So… when I’m not in the gym I spend too much time on various social networking platforms talking health, fitness, training, weight loss, etc. Something that’s been kind of irritating me a bit lately on these websites is the trend of bashing the BMI and disregarding it as a measure of healthy weight ranges.
Take it from a qualified professional trainer (and body composition specialist, at that) who is technically 10kg overweight…
the BMI is actually a very useful tool. Like anything in life though, it has its limitations. In otherwords, it is useful in providing a GUIDELINE or you might say “ballpark figure” of what we can consider healthy or unhealthy weight ranges, but requires that you also apply some basic common sense or intelligence when interpreting the results.
First off… you need to understand how unhelpful this is. Seriously.
The worst is in cases where for example some young girl comes to me for advice, and this happens;
Girl: I need you to help me lose 5kg.
Me: Absolutely not. You’re already at a low BMI, losing any more weight would be dangerous and unhealthy.
Girl: Oh I don’t believe in the BMI. I saw a video on the internet where they said it was wrong. Anyway, I’m fat. Are you going to help me or not?
Me: You don’t need to lose weight. Just hit the gym and work on improving body composition while maintaining your current weight.
Girl: No I’ll just stop eating.
Me: *bangs head against desk*
Also, how about this one?
Adult female: Can you help me with a program to tone up my stomach and the back of my arms?
Me: Ok… well according to the BMI you are only about 5kg overweight, so we will dial in a nutrition plan to support the healthy weight range for your height and….
Adult female: Overweight? How dare you! I’m not overweight – the BMI is flawed anyway. I’m perfectly healthy.
Me: Why is this my life?
This has actually happened to me a few times as well. So, the issue is not just about overweight people thinking they’re not overweight (even though they’ve just asked me for a weight loss program?!)… the bigger concern to me is the people who refuse / are unable to accept that they are underweight and under eating.
The BMI is the only tool we’ve got, and subject to some common sense and intelligence it’s a pretty good one. Unless you’ve come up with something better, stop spreading this garbage misinformation that enables unhealthy / at risk people to disregard it.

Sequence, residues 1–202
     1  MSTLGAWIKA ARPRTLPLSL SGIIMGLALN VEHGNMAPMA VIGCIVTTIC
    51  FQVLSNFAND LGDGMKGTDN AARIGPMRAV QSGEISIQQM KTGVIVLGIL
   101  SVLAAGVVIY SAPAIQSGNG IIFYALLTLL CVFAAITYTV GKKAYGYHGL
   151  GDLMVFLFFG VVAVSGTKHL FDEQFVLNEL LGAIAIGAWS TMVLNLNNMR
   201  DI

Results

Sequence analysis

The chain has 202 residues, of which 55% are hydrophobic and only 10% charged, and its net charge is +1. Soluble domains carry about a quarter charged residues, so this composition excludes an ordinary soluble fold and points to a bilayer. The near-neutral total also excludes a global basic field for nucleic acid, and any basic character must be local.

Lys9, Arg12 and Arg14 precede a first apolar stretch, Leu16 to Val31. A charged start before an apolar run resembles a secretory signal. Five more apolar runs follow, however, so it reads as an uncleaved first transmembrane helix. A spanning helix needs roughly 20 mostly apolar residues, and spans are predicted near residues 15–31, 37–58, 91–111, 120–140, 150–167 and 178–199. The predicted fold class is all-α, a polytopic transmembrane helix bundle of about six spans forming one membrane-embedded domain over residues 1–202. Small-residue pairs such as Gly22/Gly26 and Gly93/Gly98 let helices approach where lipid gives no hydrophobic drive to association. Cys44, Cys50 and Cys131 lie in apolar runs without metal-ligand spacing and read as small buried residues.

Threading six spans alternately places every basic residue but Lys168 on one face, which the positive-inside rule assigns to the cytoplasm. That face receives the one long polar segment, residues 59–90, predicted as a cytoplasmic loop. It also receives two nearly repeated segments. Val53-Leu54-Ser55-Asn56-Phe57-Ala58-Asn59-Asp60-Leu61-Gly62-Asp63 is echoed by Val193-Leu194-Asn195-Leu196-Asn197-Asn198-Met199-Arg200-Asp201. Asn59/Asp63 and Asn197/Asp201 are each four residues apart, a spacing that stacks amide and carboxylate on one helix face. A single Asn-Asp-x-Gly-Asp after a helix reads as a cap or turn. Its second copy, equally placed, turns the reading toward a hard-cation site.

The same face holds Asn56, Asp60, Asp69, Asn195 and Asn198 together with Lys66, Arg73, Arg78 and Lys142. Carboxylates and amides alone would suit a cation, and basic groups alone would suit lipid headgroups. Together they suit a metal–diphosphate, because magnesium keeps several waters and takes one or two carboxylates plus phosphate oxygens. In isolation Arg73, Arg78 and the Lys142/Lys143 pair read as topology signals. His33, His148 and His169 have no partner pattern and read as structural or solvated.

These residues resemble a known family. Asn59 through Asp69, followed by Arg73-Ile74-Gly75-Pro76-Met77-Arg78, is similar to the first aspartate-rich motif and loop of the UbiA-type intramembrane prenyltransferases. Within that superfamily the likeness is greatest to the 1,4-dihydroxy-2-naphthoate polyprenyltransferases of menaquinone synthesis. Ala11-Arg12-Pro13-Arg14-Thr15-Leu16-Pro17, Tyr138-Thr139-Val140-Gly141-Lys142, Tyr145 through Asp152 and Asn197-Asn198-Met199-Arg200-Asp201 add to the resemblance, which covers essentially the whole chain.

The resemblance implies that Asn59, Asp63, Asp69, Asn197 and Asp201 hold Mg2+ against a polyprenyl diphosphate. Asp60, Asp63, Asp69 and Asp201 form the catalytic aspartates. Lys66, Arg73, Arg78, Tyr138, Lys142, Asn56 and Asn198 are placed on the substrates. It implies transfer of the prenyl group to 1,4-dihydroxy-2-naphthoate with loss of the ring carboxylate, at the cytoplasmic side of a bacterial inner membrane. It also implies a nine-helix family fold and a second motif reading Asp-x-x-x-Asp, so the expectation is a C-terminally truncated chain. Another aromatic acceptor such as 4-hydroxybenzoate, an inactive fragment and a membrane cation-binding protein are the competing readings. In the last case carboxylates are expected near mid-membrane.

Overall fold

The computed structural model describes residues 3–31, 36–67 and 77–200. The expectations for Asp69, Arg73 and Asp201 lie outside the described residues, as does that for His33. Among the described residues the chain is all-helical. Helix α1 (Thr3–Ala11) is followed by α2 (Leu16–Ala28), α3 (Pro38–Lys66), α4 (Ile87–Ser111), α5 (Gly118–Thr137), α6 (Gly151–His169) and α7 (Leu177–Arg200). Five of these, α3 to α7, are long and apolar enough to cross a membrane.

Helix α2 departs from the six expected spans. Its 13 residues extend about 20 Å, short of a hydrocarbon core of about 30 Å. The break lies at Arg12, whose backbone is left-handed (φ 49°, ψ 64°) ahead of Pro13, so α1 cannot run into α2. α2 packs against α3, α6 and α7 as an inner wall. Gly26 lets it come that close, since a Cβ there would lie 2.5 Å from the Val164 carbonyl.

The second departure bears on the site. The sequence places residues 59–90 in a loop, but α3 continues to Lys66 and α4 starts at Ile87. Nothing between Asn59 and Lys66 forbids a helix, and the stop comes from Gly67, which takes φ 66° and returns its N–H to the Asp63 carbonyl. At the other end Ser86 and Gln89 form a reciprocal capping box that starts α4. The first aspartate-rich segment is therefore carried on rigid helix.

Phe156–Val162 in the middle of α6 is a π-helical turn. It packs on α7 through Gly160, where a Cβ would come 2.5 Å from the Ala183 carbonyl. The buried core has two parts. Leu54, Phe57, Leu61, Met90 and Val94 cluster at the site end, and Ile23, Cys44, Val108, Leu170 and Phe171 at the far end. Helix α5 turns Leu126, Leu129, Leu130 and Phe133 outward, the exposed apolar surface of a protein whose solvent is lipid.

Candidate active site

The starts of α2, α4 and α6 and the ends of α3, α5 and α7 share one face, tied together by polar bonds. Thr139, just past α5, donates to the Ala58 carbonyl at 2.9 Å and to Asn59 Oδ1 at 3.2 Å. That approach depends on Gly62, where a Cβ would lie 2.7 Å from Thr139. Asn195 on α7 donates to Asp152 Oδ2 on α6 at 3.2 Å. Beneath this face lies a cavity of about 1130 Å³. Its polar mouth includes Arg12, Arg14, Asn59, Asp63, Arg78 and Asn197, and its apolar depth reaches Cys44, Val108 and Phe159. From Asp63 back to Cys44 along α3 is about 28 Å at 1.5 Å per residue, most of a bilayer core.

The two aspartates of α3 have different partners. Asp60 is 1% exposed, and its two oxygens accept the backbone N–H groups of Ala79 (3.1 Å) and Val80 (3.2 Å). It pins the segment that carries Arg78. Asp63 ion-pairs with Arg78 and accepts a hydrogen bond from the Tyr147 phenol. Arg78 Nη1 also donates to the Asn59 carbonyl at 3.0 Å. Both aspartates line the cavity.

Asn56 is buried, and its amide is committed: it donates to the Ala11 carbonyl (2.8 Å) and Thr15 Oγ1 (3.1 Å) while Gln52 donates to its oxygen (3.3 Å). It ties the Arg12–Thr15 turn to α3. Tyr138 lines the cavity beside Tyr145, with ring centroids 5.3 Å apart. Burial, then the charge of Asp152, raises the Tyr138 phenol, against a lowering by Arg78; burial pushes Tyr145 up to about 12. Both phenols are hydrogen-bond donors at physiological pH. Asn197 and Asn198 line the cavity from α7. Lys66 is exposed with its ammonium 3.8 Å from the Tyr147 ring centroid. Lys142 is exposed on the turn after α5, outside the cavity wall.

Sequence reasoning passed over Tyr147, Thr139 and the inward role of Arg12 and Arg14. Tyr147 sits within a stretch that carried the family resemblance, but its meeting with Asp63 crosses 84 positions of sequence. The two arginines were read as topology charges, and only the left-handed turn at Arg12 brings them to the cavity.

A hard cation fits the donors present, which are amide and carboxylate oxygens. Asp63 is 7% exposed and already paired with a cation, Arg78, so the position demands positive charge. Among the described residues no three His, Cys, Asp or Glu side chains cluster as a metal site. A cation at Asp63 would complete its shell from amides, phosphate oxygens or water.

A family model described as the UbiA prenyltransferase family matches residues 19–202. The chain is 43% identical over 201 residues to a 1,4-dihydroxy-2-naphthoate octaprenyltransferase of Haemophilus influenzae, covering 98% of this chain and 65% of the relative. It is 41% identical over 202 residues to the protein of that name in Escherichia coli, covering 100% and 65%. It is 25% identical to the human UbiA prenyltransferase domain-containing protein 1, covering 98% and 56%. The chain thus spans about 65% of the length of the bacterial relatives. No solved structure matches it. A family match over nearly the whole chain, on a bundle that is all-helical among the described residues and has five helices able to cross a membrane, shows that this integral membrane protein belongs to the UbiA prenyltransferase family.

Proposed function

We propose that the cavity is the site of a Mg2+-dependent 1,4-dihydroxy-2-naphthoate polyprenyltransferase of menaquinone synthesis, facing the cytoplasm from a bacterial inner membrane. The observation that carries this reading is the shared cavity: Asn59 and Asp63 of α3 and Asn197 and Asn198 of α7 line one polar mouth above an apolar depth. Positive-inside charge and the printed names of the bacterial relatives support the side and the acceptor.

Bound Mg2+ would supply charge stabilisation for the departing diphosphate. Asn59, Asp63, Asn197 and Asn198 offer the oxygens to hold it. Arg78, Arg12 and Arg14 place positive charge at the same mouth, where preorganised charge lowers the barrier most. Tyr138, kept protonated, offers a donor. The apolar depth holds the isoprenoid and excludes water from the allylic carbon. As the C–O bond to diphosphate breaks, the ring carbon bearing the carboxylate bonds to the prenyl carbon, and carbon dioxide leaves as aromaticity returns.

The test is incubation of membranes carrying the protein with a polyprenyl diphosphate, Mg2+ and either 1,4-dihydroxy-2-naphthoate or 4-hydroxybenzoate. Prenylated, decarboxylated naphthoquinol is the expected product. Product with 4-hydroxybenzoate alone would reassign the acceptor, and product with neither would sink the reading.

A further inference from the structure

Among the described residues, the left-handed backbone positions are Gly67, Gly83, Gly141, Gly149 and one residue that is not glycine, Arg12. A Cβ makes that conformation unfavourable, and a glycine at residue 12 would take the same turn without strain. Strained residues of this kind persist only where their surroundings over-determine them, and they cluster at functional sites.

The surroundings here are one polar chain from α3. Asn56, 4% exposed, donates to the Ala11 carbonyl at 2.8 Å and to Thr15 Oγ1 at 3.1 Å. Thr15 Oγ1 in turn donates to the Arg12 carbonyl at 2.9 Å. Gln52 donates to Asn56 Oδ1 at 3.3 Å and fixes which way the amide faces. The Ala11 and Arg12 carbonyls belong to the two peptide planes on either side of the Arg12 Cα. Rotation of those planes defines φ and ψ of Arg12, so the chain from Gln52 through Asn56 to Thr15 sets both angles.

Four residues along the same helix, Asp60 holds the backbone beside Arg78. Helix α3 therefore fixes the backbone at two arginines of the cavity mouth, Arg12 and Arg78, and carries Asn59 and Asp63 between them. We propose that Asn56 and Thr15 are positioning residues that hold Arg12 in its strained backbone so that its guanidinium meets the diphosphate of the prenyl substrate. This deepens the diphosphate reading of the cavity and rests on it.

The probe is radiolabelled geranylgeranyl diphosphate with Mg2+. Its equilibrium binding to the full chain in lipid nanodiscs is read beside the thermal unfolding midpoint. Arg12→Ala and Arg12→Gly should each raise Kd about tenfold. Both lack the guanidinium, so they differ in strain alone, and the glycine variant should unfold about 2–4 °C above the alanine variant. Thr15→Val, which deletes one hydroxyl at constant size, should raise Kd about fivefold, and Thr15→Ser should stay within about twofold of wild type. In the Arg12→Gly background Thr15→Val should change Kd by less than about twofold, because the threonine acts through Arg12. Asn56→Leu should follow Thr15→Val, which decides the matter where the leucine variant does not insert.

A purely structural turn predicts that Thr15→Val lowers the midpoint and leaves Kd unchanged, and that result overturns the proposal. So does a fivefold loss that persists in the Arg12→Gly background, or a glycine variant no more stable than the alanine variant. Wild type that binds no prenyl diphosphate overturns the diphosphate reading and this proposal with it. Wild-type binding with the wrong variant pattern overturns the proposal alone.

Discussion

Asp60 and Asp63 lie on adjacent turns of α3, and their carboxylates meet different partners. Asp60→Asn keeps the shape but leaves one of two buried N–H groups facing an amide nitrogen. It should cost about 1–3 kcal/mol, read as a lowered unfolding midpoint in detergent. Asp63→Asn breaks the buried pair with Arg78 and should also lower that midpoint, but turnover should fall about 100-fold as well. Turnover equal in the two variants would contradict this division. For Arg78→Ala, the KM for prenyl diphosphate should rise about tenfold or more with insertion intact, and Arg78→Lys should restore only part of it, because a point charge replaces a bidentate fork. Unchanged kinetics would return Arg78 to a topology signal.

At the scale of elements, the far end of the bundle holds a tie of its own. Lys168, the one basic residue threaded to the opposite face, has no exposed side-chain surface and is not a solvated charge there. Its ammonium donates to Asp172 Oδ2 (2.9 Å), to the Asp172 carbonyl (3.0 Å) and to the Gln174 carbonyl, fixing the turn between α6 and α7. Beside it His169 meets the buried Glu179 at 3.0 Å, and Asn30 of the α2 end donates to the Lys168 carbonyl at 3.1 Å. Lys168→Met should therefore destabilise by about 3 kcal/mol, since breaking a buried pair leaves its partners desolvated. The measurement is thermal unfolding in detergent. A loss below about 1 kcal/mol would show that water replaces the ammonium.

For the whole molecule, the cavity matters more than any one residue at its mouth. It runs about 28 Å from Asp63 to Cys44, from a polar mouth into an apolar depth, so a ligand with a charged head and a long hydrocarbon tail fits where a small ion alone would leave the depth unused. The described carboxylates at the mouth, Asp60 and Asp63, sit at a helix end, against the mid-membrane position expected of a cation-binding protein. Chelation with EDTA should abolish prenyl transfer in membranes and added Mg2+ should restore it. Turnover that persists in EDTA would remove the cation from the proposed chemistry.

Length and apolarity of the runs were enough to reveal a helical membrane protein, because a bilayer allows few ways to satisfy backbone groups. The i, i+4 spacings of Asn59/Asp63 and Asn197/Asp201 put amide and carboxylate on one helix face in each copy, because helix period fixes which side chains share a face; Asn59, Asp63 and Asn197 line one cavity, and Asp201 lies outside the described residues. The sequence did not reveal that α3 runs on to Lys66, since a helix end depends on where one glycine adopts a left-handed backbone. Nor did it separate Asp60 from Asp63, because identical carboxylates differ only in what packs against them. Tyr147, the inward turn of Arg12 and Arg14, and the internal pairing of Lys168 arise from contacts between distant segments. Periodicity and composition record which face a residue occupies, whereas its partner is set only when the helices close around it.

Most of the criticisms I keep reading and hearing about the BMI are actually quite ironic and illogical. People might read my paragraph earlier where I say “it’s just a guideline and you need to apply common sense when interpreting the results”, and respond with “so you admit it is a flawed system? It should be done away with!” But at the same time, the most common complaint I see about the Body Mass Index is “it assumes there is just one healthy weight that all people should be”.
Do you get my point? They can’t have it both ways. You can’t complain that the system expects all people to weigh the same, and then complain that the system isn’t accurate enough as well. This whole “it doesn’t take different body types and amount of muscle into account and thinks there is just one healthy weight that all people should be” is actually a total fallacy that I’m about to bust wide open right now.
Lets look at MY stats:
Age: *mumble* 38
Weight at lowest BMI in the “normal” range: about 57
Weight at highest BMI in the “normal” range: about 70
Notice anything? There’s a 13kg difference between the highest and lowest weight of the “normal” range for my height and age. That’s a MASSIVE variance! How can people say it doesn’t account for different body types or body compositions?
Next myth I’m going to bust; “here’s a picture of a bodybuilder, technically he is obese; therefore the BMI is junk and we should throw it out”. Well… remember what I said about COMMON SENSE? I don’t really look like a body builder, but I’d fit into that category of people who are above their “normal” weight range due to busting their arse to put on some extra muscle in the gym. It’s common sense that there’s a difference between being technically overweight as an athelete with relatively low body fat and lots of muscle mass, and being actually overweight (over fat).
We can consider the waist to hip ratio to determine if someone with a higher BMI is just built larger while still being relatively lean, but in most cases common sense should be sufficient. If you’re just slightly above the normal BMI, maybe it’s because you are packing some extra muscle. If you’re WAY above and carrying a spare tyre around the waist… is there really anything to argue about here?
You need to address this. It is a HEALTH issue.